On Mar. 27, Ellen Pao lost her gender discrimination trial against her former employer, high-profile venture capital firm Kleiner Perkins Caufield & Byers. While the court may have ruled against her, it’s important not to lose sight of how important this case is in a broader context.
Despite its outsized impact on the US economy, the world of venture capitalists remains largely removed from scrutiny and accountability. Working women are sure to have recognized many of the episodes described in Pao’s case from personal experiences and experiences of their friends.
Yet despite the depressing familiarity, there are still few mechanisms to push for fairer treatment beyond a lawsuit.
Pao sued Kleiner Perkins, in part, to advance women in the clubby world of venture capital. “If I’ve helped to level the playing field for women and minorities in venture capital, then the battle was worth it,” she said. One could argue she sacrificed her right to privacy, allowed her life to be examined and picked over in open court in order to reveal how sexism operates in the plutocratic venture capital world and, by extension, Silicon Valley.
The details of the alleged discrimination have been abundantly analyzed elsewhere, but some of the highlights include men-only ski trips and dinners, segregated so women wouldn’t “kill the buzz.” While a jury of her peers may have disagreed, these types of adolescent attitudes are a clear reflection of an industry that itself is in adolescence. Mix in what Pao argued was a lack of basic human-resource functions, and you have the perfect environment for discrimination.
The good news is, Ellen Pao’s sacrifice may not ultimately have been made in vain. Newly filed gender discrimination lawsuits against Facebook and Twitter suggest her lawsuit may serve as a catalyst for women who realize their gender is holding them back.
Interestingly, American corporations might be wise to learn from their foreign competitions. Outside the US, some countries are taking a much more aggressive stance to advance women, indicating an increased awareness of the important role female leadership has to play in greater economic growth and lower economic volatility. On Mar. 6, Germany passed legislation requiring its largest companies to fill at least 30 percent of board seats with women by next year. This quota will rise to 50 percent in 2018.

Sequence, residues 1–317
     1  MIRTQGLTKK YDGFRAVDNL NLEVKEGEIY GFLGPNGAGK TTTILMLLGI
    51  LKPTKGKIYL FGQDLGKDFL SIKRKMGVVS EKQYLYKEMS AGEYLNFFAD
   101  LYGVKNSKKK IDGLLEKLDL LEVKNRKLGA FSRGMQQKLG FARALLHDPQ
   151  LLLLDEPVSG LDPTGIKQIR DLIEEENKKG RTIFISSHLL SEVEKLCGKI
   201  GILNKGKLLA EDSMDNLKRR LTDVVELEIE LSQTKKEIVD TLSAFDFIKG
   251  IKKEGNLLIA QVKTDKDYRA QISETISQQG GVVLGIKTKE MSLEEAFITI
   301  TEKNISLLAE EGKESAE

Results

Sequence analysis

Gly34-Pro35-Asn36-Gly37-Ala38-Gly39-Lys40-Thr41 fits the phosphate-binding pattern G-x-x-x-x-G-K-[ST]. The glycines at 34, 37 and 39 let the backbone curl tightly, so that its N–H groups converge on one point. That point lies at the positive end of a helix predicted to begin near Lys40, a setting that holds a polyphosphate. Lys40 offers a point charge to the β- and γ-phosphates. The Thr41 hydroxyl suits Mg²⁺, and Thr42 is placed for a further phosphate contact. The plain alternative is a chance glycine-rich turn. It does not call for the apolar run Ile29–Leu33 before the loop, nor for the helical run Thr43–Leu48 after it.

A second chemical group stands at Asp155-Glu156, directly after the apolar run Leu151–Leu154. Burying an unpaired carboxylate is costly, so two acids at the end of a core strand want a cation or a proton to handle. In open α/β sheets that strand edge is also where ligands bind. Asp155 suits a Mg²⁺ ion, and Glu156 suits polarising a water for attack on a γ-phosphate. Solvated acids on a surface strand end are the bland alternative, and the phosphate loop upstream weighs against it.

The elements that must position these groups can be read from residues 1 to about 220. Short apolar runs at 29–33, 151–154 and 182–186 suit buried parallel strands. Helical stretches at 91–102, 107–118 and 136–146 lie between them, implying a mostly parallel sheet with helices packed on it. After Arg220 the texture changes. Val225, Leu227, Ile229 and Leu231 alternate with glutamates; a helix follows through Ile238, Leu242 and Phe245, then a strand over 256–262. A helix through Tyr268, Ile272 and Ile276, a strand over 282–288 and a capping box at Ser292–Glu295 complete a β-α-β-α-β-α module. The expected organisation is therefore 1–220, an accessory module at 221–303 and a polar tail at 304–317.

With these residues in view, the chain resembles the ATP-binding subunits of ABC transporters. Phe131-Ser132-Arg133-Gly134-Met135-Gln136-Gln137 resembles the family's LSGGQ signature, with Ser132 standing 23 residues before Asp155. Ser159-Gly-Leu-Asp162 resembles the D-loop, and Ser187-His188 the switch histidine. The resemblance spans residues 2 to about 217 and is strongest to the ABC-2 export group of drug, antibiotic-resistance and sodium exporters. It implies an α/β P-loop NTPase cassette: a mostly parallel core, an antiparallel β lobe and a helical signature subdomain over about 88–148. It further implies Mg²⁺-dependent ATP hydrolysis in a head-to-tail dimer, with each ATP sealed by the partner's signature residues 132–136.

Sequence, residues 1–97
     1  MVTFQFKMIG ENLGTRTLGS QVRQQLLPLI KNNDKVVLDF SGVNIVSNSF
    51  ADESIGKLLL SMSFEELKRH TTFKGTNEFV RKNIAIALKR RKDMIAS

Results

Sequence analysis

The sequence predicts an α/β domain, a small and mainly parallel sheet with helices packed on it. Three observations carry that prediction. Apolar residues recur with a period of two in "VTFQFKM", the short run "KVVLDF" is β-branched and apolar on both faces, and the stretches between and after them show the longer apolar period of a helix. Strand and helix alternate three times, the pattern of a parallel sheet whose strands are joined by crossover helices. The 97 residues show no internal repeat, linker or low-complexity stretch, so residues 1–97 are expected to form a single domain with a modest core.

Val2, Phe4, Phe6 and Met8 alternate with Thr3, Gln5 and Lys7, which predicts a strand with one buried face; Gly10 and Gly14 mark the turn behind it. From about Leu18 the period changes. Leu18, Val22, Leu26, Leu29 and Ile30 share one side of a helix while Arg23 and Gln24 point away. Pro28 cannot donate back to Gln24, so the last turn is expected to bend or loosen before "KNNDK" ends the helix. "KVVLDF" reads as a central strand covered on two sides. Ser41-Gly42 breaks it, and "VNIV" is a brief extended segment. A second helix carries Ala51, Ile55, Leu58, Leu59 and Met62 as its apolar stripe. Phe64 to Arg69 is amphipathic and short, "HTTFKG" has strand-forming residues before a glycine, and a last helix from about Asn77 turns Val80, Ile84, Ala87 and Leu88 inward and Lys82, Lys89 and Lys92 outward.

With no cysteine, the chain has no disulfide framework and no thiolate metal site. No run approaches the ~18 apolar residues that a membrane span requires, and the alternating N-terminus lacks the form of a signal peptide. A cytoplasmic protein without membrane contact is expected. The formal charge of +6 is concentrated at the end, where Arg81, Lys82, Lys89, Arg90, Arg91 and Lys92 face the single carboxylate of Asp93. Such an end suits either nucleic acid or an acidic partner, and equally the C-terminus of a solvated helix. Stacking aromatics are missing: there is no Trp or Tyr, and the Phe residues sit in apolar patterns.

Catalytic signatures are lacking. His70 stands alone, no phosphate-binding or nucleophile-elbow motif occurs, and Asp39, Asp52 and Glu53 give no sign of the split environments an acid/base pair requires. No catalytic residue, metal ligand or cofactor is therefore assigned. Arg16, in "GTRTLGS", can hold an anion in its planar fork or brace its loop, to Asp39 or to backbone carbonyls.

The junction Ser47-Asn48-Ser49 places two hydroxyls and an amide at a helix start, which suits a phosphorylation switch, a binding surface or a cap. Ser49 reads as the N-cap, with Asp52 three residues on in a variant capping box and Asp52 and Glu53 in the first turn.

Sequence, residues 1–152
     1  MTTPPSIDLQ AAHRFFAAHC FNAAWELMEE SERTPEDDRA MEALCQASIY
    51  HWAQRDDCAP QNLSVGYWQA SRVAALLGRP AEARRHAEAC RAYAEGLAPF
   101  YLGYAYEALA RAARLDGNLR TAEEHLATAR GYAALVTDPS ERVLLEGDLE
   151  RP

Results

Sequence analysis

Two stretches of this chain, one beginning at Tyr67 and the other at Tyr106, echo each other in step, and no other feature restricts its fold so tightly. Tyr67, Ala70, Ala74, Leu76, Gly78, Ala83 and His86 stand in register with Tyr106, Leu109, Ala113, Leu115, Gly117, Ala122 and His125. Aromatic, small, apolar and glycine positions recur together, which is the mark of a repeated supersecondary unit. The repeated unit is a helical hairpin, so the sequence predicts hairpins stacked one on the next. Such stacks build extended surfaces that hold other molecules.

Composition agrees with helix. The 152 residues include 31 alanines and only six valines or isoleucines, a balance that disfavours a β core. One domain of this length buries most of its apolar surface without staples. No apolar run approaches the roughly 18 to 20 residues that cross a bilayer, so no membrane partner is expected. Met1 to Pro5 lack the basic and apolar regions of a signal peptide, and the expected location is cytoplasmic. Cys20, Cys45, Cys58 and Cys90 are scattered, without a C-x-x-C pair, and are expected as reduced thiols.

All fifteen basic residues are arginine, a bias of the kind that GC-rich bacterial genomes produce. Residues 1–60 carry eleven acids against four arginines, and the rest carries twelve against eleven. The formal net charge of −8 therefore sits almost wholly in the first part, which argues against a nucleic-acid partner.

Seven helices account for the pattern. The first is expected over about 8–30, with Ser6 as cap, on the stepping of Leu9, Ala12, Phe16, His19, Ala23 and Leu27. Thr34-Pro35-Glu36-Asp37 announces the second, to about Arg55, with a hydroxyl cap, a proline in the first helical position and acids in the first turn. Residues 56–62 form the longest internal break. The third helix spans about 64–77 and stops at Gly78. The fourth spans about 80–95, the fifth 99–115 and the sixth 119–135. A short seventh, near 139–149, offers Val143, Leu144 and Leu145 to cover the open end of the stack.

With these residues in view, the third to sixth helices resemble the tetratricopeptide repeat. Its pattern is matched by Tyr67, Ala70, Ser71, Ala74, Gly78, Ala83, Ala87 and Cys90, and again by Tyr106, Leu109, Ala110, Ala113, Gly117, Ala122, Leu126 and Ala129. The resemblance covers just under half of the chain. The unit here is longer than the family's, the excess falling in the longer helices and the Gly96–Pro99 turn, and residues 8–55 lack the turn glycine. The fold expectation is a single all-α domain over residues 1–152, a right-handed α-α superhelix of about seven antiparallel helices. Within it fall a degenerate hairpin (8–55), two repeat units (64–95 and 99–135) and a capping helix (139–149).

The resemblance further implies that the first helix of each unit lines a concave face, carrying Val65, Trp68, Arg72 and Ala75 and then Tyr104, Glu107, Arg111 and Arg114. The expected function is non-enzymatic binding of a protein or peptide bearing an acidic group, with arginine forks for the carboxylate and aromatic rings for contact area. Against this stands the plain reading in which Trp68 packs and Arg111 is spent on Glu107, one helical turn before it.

Germany follows in the footsteps of several smaller European economies in setting gender quotas for board members, beginning with Norway in 2008. Currently, Norwegian companies have 35.5 percent women on their boards, essentially double the level in the US.
But don’t get excited just yet. Americans are unlikely to see European style quotas in the US any time soon due to the persistent belief that quotas are unfair and anti-meritocratic. This viewpoint has been largely upheld by testimony in the Ellen Pao case, which ultimately determined even a lousy, highly subjective environment isn’t necessarily illegal.
Perhaps more than anything, Ellen Pao’s efforts have proved that good intentions aren’t enough. According to testimony from Paul Gompers, a professor at Harvard Business School, Kleiner Perkins employed substantially more women as investors than the vast majority of venture capital firms in the US. Ironically, at least by the numbers, Kleiner Perkins far outpaces its competition.
Companies that hope to benefit from America’s great diversity of talent need to learn how to create an inclusive and fair culture, or risk alienating and even hindering the performance of top employees. Indeed, this trial arguably provides a useful case study for how Silicon Valley—and the rest of the corporate world generally—can do a better job, becoming more aware of unconscious bias in performance reviews and ending the exclusion of women from relationship building events.
Given the limited avenues in the US for advancing women at the highest levels of business, women really owe Ellen Pao a huge gratitude for taking such a public stance. If we want to make more progress in the US—beyond the pressure that large shareholders can exert, that is—we will need to take seriously the lessons we have learned from the Ellen Pao case.